An owner would have exclusive control of the fund, while a board of directors would leave the question of who actually owns IIF open. And if the “owners” are all affiliated with JPMorgan Chase, it’s reasonable to assume that IIF is merely an affiliate. For its part, IIF states on its FERC application that JPMorgan is not an affiliate or parent or merger subsidiary, and not party to the deal.

Slocum then found a 2019 PowerPoint presentation IIF made to various cities it was looking to persuade to invest in pension funds. While the presentation insists that JPMorgan Investment Management “does not own or control” IIF, it states that “material decisions are made by IIF’s independent board of directors in light of recommendations” made by JPMorgan (emphasis mine). The board’s existence was never disclosed to FERC; IIF only talked about “owners.”

Furthermore, the PowerPoint notes that a team of 48 individuals provides fundraising, asset management, and acquisition services to IIF (which is practically everything IIF does), and that this team is “within JPMorgan Investment management solely dedicated to IIF.” That entire team is listed on page 6 of this public presentation IIF made to the city of Fresno, California. One of the team members, Managing Director Landy Gilbert, is named as IIF’s managing director in news stories. JPMorgan directors have also spoken on behalf of IIF in public hearings. As Slocum puts it, “JPMorgan literally staffs IIF.”

Slocum believes IIF is trying to have it both ways, while hiding the depth of the JPMorgan relationship from FERC. “IIF bends over backwards to say we have the best of both worlds, we can access great services by JPMorgan, but we’re free and independent of them,” he says. “JPMorgan is making management recommendations, with some sort of contractual relationship. But hey, independent board, so it’s all kosher.”

When I described this relationship to Cornell Law professor Saule Omarova, she responded that “it’s sort of straight out of the playbook all these big financial holding companies have been using to acquire commercial businesses.” She added that the financial disclosures are often not granular enough to make out what a bank holding company actually owns or controls, and where there’s merely an advisory relationship. “They’re trying to comply on the face with all the regulations, but in reality all it does is create many layers of BS on top of the same business,” Omarova says.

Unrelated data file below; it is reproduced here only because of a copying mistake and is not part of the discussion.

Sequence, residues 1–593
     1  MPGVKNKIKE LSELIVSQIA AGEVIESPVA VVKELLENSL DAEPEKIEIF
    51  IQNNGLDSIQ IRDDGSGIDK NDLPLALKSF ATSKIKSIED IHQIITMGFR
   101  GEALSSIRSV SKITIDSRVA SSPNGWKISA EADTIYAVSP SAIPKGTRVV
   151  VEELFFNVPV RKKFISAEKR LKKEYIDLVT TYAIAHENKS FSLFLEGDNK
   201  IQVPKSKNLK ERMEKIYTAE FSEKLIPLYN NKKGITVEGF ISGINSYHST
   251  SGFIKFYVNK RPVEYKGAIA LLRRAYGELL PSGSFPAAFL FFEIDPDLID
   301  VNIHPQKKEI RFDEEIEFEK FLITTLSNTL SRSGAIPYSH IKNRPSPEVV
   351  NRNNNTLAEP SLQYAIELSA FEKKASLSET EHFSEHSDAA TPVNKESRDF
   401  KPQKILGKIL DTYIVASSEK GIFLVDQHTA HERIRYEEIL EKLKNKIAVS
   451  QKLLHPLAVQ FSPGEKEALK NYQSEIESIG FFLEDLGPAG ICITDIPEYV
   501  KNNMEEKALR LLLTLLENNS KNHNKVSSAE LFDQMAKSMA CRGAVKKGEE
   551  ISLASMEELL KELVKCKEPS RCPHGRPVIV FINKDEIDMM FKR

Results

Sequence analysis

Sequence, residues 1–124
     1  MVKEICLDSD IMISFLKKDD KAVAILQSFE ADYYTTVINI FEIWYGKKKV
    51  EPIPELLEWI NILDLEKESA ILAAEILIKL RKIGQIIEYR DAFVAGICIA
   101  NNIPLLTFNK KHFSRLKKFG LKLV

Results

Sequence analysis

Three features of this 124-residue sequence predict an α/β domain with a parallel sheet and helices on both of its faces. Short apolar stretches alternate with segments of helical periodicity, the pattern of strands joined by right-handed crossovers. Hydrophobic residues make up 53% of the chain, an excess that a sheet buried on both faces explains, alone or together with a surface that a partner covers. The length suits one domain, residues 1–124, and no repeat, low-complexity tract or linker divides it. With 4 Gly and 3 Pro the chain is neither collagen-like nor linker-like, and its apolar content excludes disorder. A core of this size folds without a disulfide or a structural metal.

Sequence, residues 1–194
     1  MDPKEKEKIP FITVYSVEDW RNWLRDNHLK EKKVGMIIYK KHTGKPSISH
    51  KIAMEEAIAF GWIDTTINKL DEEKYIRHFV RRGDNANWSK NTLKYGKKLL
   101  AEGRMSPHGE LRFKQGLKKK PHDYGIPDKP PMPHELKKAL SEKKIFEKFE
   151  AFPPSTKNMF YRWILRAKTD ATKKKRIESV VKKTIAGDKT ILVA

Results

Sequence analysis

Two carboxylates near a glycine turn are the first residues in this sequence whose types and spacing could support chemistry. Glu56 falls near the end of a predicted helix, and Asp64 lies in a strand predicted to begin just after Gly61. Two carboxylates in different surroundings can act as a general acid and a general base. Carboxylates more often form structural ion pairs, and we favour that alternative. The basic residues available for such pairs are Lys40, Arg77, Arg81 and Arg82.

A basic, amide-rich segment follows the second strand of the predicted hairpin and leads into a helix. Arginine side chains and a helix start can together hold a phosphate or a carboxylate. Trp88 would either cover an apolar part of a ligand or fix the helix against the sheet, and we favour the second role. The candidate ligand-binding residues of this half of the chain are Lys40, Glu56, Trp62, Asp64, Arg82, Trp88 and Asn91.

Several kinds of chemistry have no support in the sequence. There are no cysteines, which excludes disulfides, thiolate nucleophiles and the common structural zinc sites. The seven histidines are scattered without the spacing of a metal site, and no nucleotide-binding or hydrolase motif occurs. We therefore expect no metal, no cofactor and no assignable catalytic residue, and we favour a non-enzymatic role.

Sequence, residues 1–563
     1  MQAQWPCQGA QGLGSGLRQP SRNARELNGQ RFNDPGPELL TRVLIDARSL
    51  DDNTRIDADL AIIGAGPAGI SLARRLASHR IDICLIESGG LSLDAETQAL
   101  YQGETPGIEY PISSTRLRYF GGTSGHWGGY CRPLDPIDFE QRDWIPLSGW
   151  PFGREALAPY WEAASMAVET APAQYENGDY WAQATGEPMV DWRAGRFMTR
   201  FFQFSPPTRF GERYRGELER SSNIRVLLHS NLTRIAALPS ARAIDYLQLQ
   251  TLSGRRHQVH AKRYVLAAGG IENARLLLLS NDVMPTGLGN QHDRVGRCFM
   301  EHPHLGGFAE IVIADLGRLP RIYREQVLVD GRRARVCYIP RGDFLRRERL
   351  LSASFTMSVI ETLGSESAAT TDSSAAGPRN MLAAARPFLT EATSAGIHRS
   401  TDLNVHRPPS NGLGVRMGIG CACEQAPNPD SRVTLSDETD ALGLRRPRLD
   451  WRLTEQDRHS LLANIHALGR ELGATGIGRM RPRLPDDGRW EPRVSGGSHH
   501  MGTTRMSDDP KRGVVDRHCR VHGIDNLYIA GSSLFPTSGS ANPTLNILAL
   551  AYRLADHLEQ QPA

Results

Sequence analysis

Under the Dodd-Frank Act, big banks like JPMorgan can set up or sponsor private equity–style funds, as long as they limit their equity stake in them to no more than 3 percent. But Slocum brings up another factor. In 2013, JPMorgan paid a record $410 million settlement with FERC, over a bank subsidiary charging electricity grids in California and the Midwest “as much as 80 times the prevailing power prices at certain hours of the day.” The market manipulation yielded $125 million in “unjust profits.”

According to Slocum, “The understanding in 2013 was that FERC said we’re going to go easy on you in exchange for you guys getting out of the physical energy business.” So the obfuscation may be a function of JPMorgan trying to honor that handshake agreement while still buying back into the electricity market.

Scooping up El Paso Electric would be lucrative for JPMorgan. Not only are there 429,000 captive customers delivering steady cash flow, but the service territory includes the Permian basin, one of the largest fields for fracking in America. “Fracking is power hungry,” Slocum says. “You’re hooking up a jet engine to force chemicals and water into that shale formation. El Paso Electric is in a good geographic position to become a pure utility for the Permian.”

Slocum wants FERC to hold an evidentiary hearing to get answers on the corporate structure of IIF, the “ownership” stakes, and any affiliate, financial, and contractual relationships with JPMorgan.

Shareholders overwhelmingly approved the El Paso Electric sale in September; regulators in Texas and New Mexico still must sign off, as well as FERC. JPMorgan Chase and IIF did not return requests for comment. The New Mexico attorney general’s office, which also has jurisdiction over the deal as a consumer advocate, responded that they were looking into the matter.

The Prospect also asked Beto O’Rourke, the presidential candidate and El Paso native, if he had a comment about his hometown electric utility entering into a deal with a large Wall Street bank. O’Rourke’s campaign declined to comment.

Banks with stakes in commercial businesses increase concentrations of economic power. So do tech companies that are now moving into financial services, These corporations effectively build conglomerates with the power to affect market dynamics. For example, if JPMorgan knows that El Paso Electric, or its suite of electricity generation companies, will be surging or shutting down power to the grid, they can use that information in trading in energy markets. On a larger scale, integrated banking and commerce giants can intimidate suppliers, abuse customers, and use their political power to obtain favorable rules.

“The business and commerce separation, this principle has been ignored and mocked over the years,” Omarova says. “But the question of who owns El Paso Electric is actually not so little. It’s one example in a big game, and we don’t know where it leads.”